4 Matching Annotations
  1. Dec 2018
    1. One is to imagine that culture is a self-contained "super-organic" reality with forces and purposes of its own; that is, to reify it. Another is to claim that it consists in the brute pattern of behavioral events we observe in fact to occur in some identifiable community or other; that is, to reduce it.

      Geertz warns about the danger of reducing or reifying culture. While this may have been a debate in anthropology in 1973 (hopefully resolved), it still seems to resonate in HCI today between the factions of technological determinism and social constructionism

    1. As Heilbroner (1994) and other researchers have argued, technological tra-jectories are responsive to social direction. I make the case that they may alsobe responsive to intellectual direction.1Indeed, a central premise of HCI isthat we should not force users to adapt.

      Ackerman concludes the discussion about socio-technical gaps that people should not be forced to adapt to technology.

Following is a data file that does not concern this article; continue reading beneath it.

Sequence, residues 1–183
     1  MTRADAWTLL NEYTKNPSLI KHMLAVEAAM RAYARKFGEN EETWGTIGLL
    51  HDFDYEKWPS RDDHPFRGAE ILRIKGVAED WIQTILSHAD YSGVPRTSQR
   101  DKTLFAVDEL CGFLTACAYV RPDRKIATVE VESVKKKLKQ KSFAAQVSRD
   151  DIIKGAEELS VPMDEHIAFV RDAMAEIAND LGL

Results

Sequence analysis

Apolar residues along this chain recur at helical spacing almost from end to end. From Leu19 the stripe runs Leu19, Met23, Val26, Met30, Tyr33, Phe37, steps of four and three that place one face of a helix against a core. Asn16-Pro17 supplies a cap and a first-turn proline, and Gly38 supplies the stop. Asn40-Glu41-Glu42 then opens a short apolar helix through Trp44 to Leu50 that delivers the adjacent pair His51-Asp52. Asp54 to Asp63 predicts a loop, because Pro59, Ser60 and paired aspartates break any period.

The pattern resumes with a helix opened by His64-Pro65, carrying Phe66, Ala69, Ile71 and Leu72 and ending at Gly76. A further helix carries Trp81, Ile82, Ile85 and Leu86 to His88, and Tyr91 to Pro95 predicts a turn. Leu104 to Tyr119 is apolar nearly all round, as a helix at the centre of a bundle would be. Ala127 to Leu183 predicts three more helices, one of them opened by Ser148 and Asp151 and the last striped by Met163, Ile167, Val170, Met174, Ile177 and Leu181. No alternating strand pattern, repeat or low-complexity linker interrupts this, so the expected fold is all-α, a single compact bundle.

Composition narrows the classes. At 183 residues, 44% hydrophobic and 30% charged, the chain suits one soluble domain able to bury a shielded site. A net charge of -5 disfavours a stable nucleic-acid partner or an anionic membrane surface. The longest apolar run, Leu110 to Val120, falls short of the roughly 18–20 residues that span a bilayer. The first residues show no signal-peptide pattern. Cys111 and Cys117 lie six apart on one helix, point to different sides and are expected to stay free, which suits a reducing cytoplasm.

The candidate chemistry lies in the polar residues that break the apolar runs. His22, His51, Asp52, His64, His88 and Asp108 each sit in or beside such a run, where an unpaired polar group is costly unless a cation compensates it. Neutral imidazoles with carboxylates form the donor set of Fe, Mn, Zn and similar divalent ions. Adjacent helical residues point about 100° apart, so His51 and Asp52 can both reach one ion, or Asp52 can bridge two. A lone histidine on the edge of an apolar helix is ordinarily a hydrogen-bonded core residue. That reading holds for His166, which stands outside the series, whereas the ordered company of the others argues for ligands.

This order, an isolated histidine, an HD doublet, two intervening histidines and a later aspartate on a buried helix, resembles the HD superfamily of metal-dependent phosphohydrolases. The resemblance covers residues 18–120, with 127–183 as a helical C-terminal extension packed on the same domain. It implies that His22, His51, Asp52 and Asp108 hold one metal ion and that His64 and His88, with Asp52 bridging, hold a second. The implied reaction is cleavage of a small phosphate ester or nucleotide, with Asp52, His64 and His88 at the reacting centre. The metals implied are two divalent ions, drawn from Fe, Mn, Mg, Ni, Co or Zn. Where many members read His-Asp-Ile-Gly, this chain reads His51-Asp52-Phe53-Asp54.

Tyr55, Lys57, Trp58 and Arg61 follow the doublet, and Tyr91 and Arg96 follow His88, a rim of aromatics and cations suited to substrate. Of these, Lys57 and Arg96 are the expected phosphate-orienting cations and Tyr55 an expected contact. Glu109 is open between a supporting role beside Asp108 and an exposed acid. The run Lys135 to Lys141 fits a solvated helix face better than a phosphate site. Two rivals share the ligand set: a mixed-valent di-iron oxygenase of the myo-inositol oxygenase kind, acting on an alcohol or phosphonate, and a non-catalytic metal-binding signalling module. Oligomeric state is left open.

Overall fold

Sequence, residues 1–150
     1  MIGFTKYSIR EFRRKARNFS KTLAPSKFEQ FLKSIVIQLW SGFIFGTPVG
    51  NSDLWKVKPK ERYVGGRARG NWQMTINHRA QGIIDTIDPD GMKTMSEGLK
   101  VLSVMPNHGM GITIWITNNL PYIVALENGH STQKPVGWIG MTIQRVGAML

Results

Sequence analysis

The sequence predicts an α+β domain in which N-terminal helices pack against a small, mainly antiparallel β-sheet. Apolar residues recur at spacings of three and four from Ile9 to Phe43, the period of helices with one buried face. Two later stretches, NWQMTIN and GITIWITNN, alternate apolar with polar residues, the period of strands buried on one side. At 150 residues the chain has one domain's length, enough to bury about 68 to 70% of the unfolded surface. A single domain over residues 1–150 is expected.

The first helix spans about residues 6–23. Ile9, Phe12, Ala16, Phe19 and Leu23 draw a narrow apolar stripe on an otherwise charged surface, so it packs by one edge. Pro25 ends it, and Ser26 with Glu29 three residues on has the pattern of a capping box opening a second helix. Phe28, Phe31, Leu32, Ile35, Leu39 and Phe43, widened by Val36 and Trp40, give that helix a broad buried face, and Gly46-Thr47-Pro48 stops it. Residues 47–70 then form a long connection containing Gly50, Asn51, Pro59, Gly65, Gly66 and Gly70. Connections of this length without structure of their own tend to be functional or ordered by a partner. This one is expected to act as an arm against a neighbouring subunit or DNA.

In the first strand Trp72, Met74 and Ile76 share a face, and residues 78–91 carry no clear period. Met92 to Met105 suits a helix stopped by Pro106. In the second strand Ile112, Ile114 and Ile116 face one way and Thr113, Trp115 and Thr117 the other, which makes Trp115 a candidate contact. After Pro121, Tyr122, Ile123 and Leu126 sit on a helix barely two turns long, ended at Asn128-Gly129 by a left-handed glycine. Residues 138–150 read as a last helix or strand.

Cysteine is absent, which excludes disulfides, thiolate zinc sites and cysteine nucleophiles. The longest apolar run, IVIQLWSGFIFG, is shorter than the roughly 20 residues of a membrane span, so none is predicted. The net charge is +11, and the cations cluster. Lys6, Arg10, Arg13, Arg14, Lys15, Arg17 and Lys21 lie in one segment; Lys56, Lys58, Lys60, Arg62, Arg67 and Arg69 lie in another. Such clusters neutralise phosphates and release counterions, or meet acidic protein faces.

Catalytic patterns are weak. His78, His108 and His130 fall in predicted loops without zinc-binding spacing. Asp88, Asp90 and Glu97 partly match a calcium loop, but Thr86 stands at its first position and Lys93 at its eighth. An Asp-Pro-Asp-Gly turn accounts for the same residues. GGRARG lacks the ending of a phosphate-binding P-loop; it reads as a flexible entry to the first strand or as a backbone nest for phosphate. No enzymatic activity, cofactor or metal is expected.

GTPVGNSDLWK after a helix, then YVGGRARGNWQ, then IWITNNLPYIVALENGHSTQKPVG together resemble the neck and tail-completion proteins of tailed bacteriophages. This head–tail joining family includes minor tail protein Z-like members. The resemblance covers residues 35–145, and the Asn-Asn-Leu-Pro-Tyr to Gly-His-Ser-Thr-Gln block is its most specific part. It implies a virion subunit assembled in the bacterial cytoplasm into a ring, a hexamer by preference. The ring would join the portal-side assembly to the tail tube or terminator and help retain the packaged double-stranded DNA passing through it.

Technology can and should respond to social and intellectual direction.

      Cites Heilbroner (1994) who writes about technological determinism that I should take a look at

      http://www.f.waseda.jp/sidoli/Heilbroner_1994.pdf

  2. Jul 2018
    1. The motivation in writing this paper is to examine some of these ideas about time and technology. The notion that digi-tal technologies in themselves have a temporal quality that is problematic is questionable.

      Lindley claims that previous HCI studies of time have tended toward moral panics and technological determinism. Brings to mind Wacjman's work and Hassan's book "Empires of Speed."

      I'm curious about what she means here, as the next section describing Shoenbeck's study doesn't quite fit the argument:

      "The notion that digital technologies in themselves have a temporal quality that is problematic is questionable."

  3. Apr 2016
    1. Things stayed civil because the system aligned incentives correctly.

      Sounds like there were many other reasons that most Internet-based initiatives stayed civil in their early days. Some of them have to do with human diversity.